Look for! Jupiter will come closest to Earth in 59 years on Monday for ‘amazing’ sights

Dear astronomers, look up! Jupiter will come closest to Earth in 59 years on Monday for ‘amazing’ views – even though it is 367 million kilometers away

  • Jupiter will reach its closest approach to Earth since 1963 on Monday evening
  • The planet will be 367 million miles from us at the closest point
  • The gigantic planet will rise in the east as the sun sets in the west – putting Jupiter and the sun on opposite sides of Earth
  • “With good binoculars, the bands (at least the central band) and three or four of the Galilean satellites (moons) should be visible,” said a NASA scientist.

Astronomers are in for a treat when Jupiter reached its closest approach to Earth since 1963 on Monday evening.

The giant planet, which will be 367 million kilometers from us at its closest point, reaches its opposition next week. This simply means that the planet will rise in the east while the sun will set in the west – putting Jupiter and the sun on opposite sides of Earth.

The massive planet is about 600 million miles from Earth at its furthest point. Although Jupiter’s opposition occurs every 13 months, this one is unique.

Astronomers are in for quite a spectacle when Jupiter reaches its closest approach to Earth since 1963 on Monday evening. Above: This photo of Jupiter, taken from the Hubble Space Telescope on June 27, 2019, shows the Great Red Spot, an Earth-sized storm that has been raging for hundreds of years.

That’s because Earth and Jupiter don’t orbit the Sun in perfect circles, which means they pass each other at different distances throughout the year.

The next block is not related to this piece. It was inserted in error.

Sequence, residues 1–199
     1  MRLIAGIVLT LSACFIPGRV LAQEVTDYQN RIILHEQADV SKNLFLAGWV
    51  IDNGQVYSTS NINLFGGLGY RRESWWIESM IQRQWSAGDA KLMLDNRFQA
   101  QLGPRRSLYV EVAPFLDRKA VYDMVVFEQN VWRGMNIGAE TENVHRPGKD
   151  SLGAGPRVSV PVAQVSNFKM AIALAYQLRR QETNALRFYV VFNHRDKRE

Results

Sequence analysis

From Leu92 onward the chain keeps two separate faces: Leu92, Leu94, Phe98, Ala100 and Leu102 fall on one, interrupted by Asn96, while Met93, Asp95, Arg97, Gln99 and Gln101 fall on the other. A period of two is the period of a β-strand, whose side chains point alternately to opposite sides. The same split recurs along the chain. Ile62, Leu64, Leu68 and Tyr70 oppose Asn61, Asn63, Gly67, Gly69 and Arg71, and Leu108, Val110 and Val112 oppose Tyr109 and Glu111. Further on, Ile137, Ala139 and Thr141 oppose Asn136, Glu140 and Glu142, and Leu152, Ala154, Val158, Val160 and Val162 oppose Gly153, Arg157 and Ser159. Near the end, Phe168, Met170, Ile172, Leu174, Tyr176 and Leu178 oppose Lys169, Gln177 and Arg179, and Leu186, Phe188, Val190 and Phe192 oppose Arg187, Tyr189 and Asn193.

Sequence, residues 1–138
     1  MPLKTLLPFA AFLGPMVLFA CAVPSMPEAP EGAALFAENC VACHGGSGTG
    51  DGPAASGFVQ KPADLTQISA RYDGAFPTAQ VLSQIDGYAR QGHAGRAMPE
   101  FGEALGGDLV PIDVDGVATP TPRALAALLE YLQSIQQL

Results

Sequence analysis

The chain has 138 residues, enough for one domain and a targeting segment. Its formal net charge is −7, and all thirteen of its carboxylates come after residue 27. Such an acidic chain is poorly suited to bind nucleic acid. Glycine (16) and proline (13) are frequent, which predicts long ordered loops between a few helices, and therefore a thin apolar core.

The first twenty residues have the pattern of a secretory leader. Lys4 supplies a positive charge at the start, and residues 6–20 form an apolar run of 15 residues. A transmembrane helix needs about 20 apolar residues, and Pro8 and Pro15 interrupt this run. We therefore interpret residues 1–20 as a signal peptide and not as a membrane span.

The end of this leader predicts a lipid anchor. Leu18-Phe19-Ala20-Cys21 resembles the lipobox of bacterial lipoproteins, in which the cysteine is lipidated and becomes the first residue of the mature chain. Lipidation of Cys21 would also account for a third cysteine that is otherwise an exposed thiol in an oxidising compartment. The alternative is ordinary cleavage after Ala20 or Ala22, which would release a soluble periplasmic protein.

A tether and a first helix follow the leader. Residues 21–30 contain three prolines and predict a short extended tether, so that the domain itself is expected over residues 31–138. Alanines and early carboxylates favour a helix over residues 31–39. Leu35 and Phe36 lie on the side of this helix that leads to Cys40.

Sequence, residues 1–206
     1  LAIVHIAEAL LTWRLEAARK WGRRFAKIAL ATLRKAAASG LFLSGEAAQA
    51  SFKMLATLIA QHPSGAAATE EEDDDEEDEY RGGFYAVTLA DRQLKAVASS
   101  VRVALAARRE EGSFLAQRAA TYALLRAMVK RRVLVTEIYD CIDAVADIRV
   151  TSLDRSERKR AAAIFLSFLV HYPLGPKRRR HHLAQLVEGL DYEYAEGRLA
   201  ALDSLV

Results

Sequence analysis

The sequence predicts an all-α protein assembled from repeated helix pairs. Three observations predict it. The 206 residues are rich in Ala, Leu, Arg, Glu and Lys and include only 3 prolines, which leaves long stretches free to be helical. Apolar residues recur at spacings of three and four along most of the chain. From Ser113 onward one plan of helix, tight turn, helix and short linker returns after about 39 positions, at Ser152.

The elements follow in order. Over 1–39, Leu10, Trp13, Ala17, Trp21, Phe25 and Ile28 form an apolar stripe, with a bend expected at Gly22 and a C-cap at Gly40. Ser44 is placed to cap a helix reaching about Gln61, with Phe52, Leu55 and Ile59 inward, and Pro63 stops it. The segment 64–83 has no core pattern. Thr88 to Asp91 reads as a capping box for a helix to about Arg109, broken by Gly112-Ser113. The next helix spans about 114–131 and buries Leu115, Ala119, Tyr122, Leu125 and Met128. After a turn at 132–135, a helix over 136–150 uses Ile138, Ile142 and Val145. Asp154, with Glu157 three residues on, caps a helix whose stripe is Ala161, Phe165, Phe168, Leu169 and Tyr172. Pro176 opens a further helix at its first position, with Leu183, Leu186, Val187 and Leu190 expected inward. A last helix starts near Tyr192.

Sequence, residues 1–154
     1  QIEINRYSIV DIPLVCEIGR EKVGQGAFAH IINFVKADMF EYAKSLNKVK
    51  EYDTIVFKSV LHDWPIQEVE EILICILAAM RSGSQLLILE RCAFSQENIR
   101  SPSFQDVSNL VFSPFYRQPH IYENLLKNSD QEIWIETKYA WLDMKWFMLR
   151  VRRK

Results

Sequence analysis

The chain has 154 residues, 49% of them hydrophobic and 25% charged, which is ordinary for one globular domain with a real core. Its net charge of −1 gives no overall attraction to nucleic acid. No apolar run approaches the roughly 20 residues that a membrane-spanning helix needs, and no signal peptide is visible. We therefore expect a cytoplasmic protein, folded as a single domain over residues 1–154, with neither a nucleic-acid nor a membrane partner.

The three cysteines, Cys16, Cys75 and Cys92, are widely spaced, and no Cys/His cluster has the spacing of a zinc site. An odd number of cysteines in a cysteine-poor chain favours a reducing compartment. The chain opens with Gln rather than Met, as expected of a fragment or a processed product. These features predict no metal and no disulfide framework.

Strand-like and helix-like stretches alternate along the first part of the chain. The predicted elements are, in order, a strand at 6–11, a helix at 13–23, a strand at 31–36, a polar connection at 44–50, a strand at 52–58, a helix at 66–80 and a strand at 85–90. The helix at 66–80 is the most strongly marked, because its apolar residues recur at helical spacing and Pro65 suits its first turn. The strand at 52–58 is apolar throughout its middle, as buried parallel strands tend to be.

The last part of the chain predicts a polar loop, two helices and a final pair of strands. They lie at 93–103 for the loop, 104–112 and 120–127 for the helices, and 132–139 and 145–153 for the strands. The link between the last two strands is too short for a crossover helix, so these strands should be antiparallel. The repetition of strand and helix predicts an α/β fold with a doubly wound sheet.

Jupiter’s closest approach to Earth almost never coincides with opposition, meaning views this year will be “amazing”, according to NASA.

Although Jupiter is one of the few planets visible to the naked eye, NASA still recommends using some type of instrument.

“With good binoculars, the bands (at least the central band) and three or four of the Galilean satellites (moons) should be visible,” said Adam Kobelski, research astrophysicist at NASA’s Marshall Space Flight Center in Huntsville, Alabama, in a statement.

The giant planet, which will be 367 million kilometers from us at its closest point, reaches its opposition next week.  NASA recommends a pair of binoculars or a 4-inch telescope for the best views

The giant planet, which will be 367 million kilometers from us at its closest point, reaches its opposition next week. NASA recommends a pair of binoculars or a 4-inch telescope for the best views

“The view should be great for a few days before and after Sept. 26,” Kobelski explained. So take advantage of the good weather on either side of this date to take in the view. Outside of the Moon, it should be one of (if not the) brightest objects in the night sky Above: As the Moon rose over the Wasatch Mountains near Salt Lake City on February 2. On February 27, 2019, the planet Jupiter could be seen, along with three of its largest moons

It is important to remember that Galileo observed these moons with 17th century optics. One of the main needs will be stable support for whatever system you use.

A 4-inch or larger telescope would allow observers to see the Great Red Spot and Jupiter’s bands in greater detail.

Kobelski said an ideal vantage point would be at high altitude in a dark, dry area.

“The view should be great for a few days before and after Sept. 26,” Kobelski explained. So take advantage of the good weather on either side of this date to take in the view. Outside of the Moon, it should be one of (if not the) brightest objects in the night sky.

The US space agency notes that Jupiter has no less than 53 named moons, out of a total of 79 that would have been detected, including the four largest: Io, Europa, Ganymede and Callisto.

NASA’s Juno spacecraft has orbited Jupiter for six years, providing scientists with images and data of the gigantic planet’s atmosphere, structures and magnetic field ever since.

Juno’s mission was recently extended until 2025 or the end of the spacecraft’s life.

The Europa Clipper, a spacecraft that will explore Jupiter’s moon known for its icy shell and vast ocean, is scheduled to launch in October 2024 and arrive at Jupiter in April 2030.

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